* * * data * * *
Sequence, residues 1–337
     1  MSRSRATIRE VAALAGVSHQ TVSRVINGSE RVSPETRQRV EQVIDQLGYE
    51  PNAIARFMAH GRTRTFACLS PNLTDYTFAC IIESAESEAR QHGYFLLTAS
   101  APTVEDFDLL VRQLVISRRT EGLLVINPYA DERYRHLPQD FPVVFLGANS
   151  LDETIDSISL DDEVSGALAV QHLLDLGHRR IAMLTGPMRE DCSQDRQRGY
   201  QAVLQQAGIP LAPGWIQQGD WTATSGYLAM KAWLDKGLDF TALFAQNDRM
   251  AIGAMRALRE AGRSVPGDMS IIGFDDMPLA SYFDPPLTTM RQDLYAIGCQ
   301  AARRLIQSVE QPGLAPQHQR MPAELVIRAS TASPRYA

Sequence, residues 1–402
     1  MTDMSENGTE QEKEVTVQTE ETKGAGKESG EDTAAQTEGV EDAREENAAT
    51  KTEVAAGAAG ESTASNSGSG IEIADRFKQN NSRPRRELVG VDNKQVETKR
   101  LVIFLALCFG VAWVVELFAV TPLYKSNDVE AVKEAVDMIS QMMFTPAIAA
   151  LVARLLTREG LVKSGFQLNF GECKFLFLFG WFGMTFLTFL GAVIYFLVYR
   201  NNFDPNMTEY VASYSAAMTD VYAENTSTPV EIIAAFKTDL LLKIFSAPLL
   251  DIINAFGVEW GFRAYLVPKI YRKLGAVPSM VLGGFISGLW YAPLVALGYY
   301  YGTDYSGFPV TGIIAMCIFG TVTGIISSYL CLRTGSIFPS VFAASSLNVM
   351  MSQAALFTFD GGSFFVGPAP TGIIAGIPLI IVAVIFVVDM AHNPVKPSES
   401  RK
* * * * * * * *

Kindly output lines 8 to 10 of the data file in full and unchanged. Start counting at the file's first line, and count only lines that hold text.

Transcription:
   301  AARRLIQSVE QPGLAPQHQR MPAELVIRAS TASPRYA

Sequence, residues 1–402
     1  MTDMSENGTE QEKEVTVQTE ETKGAGKESG EDTAAQTEGV EDAREENAAT